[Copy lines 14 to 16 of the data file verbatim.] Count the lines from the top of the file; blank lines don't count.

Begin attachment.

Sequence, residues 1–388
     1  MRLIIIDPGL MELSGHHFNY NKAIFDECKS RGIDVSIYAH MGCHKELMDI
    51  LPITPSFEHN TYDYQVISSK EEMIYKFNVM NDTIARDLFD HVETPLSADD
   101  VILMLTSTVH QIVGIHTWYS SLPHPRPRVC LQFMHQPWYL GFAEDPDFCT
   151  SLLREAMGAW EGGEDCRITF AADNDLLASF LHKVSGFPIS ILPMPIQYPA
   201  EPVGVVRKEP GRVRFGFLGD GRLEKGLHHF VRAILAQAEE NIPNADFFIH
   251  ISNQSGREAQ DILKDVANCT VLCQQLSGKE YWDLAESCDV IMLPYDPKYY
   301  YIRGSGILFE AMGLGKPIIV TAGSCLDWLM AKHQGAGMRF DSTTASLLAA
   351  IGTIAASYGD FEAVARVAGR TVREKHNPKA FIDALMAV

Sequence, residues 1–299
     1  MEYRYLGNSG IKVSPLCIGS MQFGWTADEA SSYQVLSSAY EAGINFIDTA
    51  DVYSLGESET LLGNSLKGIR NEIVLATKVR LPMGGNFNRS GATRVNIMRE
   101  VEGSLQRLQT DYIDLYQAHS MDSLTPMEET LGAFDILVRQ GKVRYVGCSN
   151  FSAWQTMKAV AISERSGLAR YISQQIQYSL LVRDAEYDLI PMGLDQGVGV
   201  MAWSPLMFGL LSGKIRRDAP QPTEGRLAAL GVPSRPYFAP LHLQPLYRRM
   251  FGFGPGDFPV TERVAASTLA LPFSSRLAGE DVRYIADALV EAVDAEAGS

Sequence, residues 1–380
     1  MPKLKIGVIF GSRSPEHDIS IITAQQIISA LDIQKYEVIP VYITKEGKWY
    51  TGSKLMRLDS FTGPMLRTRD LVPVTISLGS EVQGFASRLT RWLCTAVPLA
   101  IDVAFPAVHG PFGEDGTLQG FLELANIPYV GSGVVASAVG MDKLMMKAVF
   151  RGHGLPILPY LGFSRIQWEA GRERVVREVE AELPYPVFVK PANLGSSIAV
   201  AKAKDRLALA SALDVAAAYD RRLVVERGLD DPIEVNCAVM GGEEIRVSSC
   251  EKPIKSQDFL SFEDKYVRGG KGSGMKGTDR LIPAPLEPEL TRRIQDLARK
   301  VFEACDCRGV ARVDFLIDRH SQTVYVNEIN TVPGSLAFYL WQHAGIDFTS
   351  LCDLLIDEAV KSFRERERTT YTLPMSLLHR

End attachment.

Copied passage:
   151  FSAWQTMKAV AISERSGLAR YISQQIQYSL LVRDAEYDLI PMGLDQGVGV
   201  MAWSPLMFGL LSGKIRRDAP QPTEGRLAAL GVPSRPYFAP LHLQPLYRRM
   251  FGFGPGDFPV TERVAASTLA LPFSSRLAGE DVRYIADALV EAVDAEAGS